July 29, 2011
Words from Dean Judy Olian on the Passing of John E. Anderson
Philanthropist and community leader was 93
It is with profound sadness that I share news of the passing this morning of John E. Anderson ('40). John was a leading figure in the California business community and a giant in the life of our school, which was named the John E. Anderson Graduate School of Management in his honor in 1987. John would have been 94 in September.
John's gifts to others were innumerable, sharing his wisdom, time, leadership talents and financial support. John attended UCLA on a hockey scholarship, graduating in 1940 with a B.S. in business administration. He earned an MBA from the Harvard Business School and a law degree from the Loyola University School of Law in Los Angeles. Until his passing, he was president of Topa Equities, Ltd., which owns and operates more than 33 businesses involved in agriculture, insurance, real estate, wholesale beverage distribution and automotive dealerships. John loved doing business and had a remarkable work ethic. He was at the Topa offices just yesterday.
John was the first and long-term chairman of UCLA Anderson's Board of Visitors and was the first recipient of the Distinguished Alumnus Award at UCLA Anderson in 2002 -- an award that bears his name. He was presented with the UCLA Medal in 1995, the university's highest honor. John served in leadership roles and received numerous other honors across the community. He cared about many causes and institutions. Most recently, as a result of a generous gift, Children's Hospital Los Angeles dedicated the Marion and John E. Anderson Pavilion.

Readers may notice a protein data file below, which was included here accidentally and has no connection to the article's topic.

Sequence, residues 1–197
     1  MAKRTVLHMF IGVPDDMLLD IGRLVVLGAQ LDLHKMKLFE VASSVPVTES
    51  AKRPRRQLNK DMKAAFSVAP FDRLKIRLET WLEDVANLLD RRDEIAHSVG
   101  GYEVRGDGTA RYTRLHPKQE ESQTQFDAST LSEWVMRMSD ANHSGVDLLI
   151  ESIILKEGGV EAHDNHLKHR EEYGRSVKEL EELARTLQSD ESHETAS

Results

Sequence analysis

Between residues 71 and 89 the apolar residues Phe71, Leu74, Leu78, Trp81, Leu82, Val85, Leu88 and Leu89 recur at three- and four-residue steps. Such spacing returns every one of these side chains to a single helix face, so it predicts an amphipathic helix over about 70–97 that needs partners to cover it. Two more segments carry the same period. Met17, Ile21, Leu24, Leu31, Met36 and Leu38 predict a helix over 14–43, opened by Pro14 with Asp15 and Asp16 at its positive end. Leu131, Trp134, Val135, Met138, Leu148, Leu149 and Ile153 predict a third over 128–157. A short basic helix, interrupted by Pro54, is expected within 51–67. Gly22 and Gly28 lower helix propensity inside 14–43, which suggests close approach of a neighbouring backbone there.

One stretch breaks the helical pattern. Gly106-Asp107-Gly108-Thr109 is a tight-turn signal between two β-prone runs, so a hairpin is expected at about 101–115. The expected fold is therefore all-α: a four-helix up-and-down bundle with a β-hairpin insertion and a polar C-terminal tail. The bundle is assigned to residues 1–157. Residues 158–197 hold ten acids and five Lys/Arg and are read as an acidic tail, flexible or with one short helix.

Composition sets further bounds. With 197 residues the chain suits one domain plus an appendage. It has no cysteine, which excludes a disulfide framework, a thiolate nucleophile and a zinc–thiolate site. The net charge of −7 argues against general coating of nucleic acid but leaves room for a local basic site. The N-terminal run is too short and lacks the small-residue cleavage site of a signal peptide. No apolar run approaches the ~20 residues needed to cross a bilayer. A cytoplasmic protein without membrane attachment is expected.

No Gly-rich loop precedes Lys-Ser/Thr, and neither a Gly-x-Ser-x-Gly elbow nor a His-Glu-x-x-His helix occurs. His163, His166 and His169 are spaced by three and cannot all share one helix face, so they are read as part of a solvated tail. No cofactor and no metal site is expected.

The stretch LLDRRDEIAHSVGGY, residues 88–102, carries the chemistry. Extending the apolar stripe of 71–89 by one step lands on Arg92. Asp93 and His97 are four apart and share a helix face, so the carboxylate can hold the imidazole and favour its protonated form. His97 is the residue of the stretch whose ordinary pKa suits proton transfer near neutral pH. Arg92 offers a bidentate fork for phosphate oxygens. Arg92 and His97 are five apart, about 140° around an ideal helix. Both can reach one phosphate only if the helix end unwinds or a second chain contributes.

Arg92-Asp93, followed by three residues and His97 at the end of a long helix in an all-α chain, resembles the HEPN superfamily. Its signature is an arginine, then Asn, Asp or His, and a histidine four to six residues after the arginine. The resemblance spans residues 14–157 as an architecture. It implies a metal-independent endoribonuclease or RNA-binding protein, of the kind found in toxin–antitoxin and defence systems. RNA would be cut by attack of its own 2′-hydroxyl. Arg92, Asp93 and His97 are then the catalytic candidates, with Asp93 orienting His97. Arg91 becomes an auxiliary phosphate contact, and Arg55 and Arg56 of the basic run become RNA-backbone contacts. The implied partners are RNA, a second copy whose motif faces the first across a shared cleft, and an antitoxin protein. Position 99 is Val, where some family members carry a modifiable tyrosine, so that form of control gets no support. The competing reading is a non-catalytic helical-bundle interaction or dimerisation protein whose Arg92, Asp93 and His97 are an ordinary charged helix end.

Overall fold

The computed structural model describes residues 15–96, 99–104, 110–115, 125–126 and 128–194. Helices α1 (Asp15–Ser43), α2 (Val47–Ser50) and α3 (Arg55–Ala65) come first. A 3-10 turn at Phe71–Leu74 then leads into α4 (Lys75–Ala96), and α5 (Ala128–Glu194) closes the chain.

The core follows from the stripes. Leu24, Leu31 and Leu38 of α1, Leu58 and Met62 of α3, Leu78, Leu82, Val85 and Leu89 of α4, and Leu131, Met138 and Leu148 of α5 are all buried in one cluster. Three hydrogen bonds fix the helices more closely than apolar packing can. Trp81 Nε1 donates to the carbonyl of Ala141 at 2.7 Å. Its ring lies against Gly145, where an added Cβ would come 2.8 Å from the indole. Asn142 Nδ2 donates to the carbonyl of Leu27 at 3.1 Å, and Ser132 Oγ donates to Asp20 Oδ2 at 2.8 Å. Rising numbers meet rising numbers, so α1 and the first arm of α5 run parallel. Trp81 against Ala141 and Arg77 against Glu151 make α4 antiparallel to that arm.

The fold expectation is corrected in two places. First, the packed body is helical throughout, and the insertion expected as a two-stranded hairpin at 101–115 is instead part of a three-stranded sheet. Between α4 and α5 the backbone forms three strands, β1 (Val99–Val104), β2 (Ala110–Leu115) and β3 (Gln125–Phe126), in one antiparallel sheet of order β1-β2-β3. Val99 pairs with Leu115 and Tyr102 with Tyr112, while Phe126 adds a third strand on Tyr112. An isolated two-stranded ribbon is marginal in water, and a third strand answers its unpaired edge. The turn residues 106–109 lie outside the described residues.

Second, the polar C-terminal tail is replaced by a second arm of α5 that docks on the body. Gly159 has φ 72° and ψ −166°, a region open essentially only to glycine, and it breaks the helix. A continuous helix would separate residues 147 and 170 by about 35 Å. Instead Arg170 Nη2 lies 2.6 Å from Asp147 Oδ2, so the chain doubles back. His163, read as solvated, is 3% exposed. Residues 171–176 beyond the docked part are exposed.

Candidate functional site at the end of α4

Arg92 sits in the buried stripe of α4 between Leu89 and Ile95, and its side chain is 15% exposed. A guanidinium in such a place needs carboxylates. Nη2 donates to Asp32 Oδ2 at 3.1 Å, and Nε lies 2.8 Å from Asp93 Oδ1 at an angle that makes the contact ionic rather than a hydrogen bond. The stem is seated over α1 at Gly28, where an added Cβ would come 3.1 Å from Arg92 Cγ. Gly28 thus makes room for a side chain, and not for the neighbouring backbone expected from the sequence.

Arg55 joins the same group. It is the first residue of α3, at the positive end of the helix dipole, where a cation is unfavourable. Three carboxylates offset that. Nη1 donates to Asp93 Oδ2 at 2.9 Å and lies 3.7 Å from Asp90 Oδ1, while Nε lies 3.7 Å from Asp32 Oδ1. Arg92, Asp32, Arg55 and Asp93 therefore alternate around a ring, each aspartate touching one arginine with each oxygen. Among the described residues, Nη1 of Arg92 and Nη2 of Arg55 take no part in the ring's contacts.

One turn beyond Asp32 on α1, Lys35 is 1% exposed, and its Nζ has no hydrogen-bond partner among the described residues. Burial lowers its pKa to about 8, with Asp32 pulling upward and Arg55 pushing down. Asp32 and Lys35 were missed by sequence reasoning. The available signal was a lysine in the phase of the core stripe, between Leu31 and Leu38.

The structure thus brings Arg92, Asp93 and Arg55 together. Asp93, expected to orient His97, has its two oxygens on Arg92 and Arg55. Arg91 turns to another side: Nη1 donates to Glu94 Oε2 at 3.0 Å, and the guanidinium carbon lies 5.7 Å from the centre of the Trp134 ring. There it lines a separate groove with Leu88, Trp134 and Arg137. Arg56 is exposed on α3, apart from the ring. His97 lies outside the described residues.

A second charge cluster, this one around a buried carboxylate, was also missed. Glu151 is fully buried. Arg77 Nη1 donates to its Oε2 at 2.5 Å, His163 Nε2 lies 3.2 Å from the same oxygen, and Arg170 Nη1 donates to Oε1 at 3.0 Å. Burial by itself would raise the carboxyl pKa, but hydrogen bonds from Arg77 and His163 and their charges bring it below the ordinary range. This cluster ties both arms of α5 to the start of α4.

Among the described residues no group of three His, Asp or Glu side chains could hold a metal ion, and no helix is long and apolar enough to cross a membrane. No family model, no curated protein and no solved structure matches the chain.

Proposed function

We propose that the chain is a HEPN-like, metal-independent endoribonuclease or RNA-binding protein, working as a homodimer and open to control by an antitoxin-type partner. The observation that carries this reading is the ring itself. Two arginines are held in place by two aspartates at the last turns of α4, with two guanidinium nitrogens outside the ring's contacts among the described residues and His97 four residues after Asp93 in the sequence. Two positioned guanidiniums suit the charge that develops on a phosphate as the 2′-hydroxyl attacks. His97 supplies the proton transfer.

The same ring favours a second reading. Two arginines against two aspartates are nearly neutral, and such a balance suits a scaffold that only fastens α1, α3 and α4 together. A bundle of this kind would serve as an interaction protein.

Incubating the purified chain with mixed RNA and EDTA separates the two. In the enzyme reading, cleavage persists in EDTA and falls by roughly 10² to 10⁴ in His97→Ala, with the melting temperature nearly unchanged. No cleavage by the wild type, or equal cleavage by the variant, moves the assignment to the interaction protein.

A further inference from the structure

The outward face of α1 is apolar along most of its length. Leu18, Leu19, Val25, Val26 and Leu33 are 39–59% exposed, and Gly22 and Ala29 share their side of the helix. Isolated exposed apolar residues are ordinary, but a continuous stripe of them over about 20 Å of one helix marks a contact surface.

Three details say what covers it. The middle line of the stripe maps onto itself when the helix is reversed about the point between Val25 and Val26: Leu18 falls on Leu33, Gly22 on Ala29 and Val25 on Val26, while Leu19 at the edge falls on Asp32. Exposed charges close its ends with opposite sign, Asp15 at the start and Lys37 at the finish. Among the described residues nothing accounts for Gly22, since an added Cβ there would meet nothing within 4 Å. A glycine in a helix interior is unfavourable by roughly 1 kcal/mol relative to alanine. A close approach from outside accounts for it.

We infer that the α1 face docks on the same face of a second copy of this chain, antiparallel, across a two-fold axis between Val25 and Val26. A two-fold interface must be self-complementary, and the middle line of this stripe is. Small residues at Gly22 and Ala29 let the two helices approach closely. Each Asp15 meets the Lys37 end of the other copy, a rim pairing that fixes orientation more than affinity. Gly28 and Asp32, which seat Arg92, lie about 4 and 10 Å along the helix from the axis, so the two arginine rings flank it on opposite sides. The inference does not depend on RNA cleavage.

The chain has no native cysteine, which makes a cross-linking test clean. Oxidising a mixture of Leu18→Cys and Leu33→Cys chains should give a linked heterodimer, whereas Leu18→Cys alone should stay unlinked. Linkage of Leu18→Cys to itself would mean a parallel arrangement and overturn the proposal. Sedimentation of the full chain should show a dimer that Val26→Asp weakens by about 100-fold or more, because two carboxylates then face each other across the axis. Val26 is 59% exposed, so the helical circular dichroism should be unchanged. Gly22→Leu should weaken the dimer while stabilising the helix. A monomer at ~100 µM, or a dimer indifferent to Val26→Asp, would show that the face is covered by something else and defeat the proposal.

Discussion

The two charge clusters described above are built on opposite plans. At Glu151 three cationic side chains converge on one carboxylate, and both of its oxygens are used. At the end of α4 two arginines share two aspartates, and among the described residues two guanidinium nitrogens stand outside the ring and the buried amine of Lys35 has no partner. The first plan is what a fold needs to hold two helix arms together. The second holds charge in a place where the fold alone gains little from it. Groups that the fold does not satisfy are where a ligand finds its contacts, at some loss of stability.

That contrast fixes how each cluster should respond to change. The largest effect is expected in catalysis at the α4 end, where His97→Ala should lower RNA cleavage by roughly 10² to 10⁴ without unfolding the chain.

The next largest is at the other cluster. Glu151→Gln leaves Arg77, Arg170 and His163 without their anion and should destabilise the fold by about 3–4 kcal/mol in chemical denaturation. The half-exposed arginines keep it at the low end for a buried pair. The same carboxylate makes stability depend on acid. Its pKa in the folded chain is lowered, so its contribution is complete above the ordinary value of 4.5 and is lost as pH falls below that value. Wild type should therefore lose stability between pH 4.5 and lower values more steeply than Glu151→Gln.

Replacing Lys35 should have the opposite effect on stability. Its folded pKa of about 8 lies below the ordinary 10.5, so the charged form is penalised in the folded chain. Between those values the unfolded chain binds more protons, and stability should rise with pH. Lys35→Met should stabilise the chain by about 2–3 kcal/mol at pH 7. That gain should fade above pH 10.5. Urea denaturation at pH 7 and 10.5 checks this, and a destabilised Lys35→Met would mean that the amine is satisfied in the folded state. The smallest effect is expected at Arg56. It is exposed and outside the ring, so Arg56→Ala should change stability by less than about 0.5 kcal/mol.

John credited his Minnesota upbringing, and the lessons and values he learned while attending UCLA, for his success in business and community life. Giving back to the school was his way of enabling future generations to have the kind of opportunities that UCLA offered him. He considered it simply 'doing the right thing,' a motto he lived by. His $15 million gift in 1987 laid the foundation of excellence for the school; this year, he and Marion donated another $25 million.
Our history, built over 75 years, owes so much to John's leadership, engagement, contagious enthusiasm, bold vision and longtime support. And until recently, many of us were able to enjoy his good humor and astute advice as we chatted with him during his almost daily brisk walks through the campus.
John adored his family, and they adored him. Our heart goes out to Marion, his wife of 44 years, and to his children, Sue, Judy, John and Bill, 15 grandchildren and 13 great-grandchildren, for their very sad loss.
I absolutely cherished my time with John for his remarkable stories, wise counsel, inviolate principles and innate gentleness. John did such good things for so many. He will be profoundly missed.
Dean & John E. Anderson Chair in Management